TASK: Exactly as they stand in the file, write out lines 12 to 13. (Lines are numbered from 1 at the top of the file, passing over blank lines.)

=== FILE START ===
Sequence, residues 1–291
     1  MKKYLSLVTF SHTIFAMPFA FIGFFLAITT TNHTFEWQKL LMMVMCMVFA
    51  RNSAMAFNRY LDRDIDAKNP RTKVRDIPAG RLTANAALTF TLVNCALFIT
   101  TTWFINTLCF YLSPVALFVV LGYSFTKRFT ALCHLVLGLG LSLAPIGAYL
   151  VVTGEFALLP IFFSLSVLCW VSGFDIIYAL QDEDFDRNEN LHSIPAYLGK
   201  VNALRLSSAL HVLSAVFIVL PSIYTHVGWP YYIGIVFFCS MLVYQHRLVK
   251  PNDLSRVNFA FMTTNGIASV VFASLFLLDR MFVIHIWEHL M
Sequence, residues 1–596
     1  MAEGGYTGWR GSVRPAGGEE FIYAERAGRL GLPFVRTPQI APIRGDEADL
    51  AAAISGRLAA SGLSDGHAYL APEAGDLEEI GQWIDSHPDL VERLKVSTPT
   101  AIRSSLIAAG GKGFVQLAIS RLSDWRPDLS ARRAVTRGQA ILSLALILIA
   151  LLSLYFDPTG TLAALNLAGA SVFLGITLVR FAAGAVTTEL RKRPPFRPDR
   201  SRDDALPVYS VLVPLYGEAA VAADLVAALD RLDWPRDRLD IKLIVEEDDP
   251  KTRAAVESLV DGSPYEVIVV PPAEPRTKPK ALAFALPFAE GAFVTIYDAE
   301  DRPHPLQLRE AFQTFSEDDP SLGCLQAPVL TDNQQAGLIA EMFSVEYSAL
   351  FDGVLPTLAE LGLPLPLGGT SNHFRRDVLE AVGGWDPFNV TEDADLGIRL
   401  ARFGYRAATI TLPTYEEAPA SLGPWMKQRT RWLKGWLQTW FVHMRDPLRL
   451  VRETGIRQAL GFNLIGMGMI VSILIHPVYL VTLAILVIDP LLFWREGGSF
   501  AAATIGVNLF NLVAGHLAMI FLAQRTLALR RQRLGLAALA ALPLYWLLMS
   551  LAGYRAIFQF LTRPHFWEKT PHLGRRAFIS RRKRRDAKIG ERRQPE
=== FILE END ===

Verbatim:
   151  LLSLYFDPTG TLAALNLAGA SVFLGITLVR FAAGAVTTEL RKRPPFRPDR
   201  SRDDALPVYS VLVPLYGEAA VAADLVAALD RLDWPRDRLD IKLIVEEDDP